Psychedelic room helps dementia patients

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NEW YORK (Reuters Health) - Imagine for a moment what it would be like to suddenly be transported into a foreign world where almost nothing was comprehensible. The people you talked to and the language they spoke--everything an unending stream of incomprehensible, sometimes frightening, activity.

For many people living with conditions such as Alzheimer's disease, this is a daily reality. Now, psychologists are reaching back to the psychedelic and "mind expanding" 1960s and updating research on sensory deprivation with the hope of offering relief to people suffering from this type of dementia.

What looks like a modern art exhibit is in fact a room that enhances mental stimulation for people with dementia. Colored lights, a giant butterfly, and a tube filled with bubbles are just some of the objects that fill the space.

The treatment, which originated in the Netherlands and is called Snoezelen (pronounced snooze-lin), was originally used to help children suffering from autism. Previous research has shown that Snoezelen behavior therapy "reduces socially disturbed behavior, produces relaxation responses, improves mood enhances interpersonal interaction, facilitates verbal expression, improves memory recall, and enhances attention and concentration in dementia patients," said lead researcher Dr. Jason Staal of Beth Israel Medical Center in New York City.

"Everything is done to maximize the wonderful joy of the experience. Remember these are people living in monochromatic, sensory deprived environments," Staal told Reuters Health, referring to bleak hospital rooms and the like. "The aim is to provide dementia patients with an experience that they can understand."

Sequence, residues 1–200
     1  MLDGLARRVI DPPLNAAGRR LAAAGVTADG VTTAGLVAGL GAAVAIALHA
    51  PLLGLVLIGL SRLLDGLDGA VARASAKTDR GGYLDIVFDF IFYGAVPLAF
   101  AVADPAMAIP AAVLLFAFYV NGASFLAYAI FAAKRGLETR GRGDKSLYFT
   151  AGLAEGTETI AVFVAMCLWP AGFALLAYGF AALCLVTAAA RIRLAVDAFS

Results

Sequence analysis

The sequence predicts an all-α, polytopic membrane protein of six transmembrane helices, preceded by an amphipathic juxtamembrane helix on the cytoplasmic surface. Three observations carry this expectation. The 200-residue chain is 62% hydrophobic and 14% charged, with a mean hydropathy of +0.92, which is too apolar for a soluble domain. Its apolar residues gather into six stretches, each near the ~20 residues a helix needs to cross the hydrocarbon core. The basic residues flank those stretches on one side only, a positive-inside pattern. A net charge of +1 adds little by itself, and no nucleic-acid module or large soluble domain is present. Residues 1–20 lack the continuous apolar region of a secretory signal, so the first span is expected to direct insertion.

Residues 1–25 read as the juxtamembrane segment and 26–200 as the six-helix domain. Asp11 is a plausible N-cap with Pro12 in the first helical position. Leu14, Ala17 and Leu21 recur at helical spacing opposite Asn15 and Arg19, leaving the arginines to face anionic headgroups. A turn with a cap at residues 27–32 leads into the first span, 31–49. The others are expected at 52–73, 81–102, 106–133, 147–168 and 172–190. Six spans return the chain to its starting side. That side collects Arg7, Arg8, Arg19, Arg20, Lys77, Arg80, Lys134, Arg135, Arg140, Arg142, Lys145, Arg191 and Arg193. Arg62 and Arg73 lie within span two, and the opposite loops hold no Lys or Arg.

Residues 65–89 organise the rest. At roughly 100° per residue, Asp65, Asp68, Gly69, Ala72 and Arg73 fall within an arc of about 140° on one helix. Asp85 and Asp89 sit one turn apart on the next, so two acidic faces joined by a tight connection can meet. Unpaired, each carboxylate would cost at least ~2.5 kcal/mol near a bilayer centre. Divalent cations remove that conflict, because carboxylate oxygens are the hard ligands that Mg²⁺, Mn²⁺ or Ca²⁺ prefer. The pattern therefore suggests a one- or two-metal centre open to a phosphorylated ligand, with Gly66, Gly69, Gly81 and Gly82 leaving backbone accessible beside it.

Dementia patients often lose the ability to read or understand words and the ability to complete tasks like preparing a meal or finding their shoes and putting them on. Music and color preference, on the other hand, tend to remain intact longer, explained Staal. For instance someone who likes the color blue will most likely have the same color preference into old age, even when dementia comes into play.

Patients are exposed to the room anywhere from three to five times per week depending on their degree of dementia. Two therapists accompany them, one who assists the patient in the room and another who other acts as an observer. At first the patient is closely monitored to see which stimuli have the most positive effect. The therapist is then able to focus and heighten the patient's experience in subsequent visits into the room.

"The current state of affairs in the day-to-day treatment for people with dementia is pretty miserable," said Staal. "Its great that the medical community is focused on a cure (for Alzheimer\'s) but all you have now is medicated people languishing all day in monochromatic rooms staring at the wall.


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